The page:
FIGS. 10A-10D provides pattern size variation of pen arrays inked by dip coating. (A) Optical microscopy image of dip-coated pen array. (B) Dark field microscopy image of raised gold features generated by the pen array in “A”. (C-D) Higher magnification of patterns boxed in (B). The standard deviation of dots created by different pens in the same array was at least 9.9%. Both inks (2 mM MHA-ethanol solution and saturated MHA-acetonitrile solution) showed similar standard deviations. In this particular example, DPN was cried out at a relative humidity of 50%, and the dwell time for each dot was 30 seconds. Note that the lines in “C” connecting the dots are present because the pen was not completely removed from contact with the surface.
FIGS. 11A-11B show phospholipids printed on a 55,000-pen 2D array with the pattern “NU”. (A) Optical image. (B) Fluorescent microscopy images showing the rhodamine labeled DOPC ink making up the “U” pattern. Here the 2D pen array was on a SiO2 support The cantilevers were coated with titanium/gold and annealed to induce bending, following a published protocols. The back sides of the cantilevers and SiO2 support were functionalized with octyltrichlorosilane (OTS, 1 vol % in hexane for 30 minutes), while the front sides were functionalized with 11-amino-1-undecanethiol (AUT, 1 mM in ethanol for 20 minutes). This functionalization renders the back side of the cantilevers and the SiO2 support hydrophobic, thereby preventing capillary action that causes the cantilevers to adhere to the SiO2 support.
FIGS. 12A-12B illustrate (A) DOPC ink droplets caused the cantilevers to stick to the support due to capillary action. The optical microscopy image shows that inked tips are in the focal plane of the SiO2 support. (B) This stiction problem was eliminated by functionalizing the back sides of the cantilevers and the SiO2 support with octadecyltrichlorosilane (OTS).
FIGS. 13A-13D illustrate anisotropically structured pens fabricated by shadow mask deposition of gold. A glass cover slide was used as a mask to expose select areas of the cantilevers for gold deposition. (A) Functionalization scheme. (B-D) Optical microscopy images showing cantilevers with varying areas coated with gold. The gold areas are brighter due to enhanced reflection. The arrows dictate the SixNy—Au boundary.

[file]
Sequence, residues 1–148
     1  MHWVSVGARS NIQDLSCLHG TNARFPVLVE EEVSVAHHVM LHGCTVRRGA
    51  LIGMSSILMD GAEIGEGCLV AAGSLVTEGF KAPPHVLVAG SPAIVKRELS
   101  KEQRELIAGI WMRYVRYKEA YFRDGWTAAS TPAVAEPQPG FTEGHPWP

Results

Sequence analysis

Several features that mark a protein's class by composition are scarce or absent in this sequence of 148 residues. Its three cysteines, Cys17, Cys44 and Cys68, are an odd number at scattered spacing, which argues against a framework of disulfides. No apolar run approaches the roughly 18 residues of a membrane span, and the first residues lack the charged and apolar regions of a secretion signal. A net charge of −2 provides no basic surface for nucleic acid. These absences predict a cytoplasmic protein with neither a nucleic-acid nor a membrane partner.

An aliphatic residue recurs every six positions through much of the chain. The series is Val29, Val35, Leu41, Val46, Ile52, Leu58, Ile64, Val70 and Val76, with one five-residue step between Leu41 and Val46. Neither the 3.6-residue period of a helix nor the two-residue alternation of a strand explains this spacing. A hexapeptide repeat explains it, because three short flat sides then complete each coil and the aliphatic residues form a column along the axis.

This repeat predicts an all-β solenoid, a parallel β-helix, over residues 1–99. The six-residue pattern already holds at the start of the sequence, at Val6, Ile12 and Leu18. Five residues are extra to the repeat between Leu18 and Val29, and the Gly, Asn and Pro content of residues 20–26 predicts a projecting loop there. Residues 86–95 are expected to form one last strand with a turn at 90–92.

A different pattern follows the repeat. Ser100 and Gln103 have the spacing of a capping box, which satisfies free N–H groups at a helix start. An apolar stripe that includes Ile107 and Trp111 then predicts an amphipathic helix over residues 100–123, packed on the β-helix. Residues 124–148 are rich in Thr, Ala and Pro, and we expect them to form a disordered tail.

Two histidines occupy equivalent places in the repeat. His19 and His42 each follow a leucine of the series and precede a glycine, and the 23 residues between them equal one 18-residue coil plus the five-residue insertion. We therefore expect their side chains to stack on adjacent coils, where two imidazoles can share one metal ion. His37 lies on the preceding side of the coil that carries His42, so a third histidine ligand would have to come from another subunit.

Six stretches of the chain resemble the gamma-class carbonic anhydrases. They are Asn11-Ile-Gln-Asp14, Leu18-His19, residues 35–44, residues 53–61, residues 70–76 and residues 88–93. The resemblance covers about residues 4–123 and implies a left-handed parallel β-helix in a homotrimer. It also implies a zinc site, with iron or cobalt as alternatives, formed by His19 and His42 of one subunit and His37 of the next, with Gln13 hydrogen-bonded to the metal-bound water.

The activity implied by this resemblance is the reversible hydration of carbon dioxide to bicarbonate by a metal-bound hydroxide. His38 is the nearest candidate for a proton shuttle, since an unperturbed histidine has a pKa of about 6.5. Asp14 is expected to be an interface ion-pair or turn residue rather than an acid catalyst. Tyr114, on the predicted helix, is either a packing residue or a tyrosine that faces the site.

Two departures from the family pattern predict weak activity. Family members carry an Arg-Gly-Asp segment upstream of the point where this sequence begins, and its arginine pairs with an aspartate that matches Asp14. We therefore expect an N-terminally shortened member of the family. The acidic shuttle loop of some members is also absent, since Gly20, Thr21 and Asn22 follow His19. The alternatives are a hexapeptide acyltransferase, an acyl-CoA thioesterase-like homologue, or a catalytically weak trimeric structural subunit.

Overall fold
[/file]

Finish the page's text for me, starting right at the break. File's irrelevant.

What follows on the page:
All publications, patent applications, and patents mentioned herein are incorporated by reference in their entirety, including figures, claims, working examples, and supporting information.
All references cited herein are hereby incorporated by reference in their entireties.
The paper “A Self-Correcting Inking Strategy for Cantilever Arrays Addressed by an Inkjet Printer and Used for Dip-Pen Nanolithography,” by Wang et al., Small, 2008, published on-line Jul. 24, 2008, is incorporated by reference in its entirety
The entire disclosures of priority U.S. Provisional Ser. Nos. 61/055,028 filed May 21, 2008; 61/047,630 filed Apr. 24, 2008; and 60/954,732 filed Aug. 8, 2007 are hereby incorporated by reference in their entireties, including figures.
DPN printing, including instrumentation, materials, and methods, is generally known in the art. For practice of the various embodiments described herein, lithography, microlithography, and nanolithography instruments, pen arrays, active pens, passive pens, inks, patterning compounds, kits, ink delivery, software, and accessories for direct-write printing and patterning can be obtained from NanoInk, Inc., Chicago, Ill. Softwares include INKCAD and NSCRIPTOR softwares (NanoInk, Chicago, Ill.), providing user interfaces for lithography design and control. E-Chamber can be used for environmental control. Dip Pen Nanolithography™ and DPN are trademarks of NanoInk, Inc.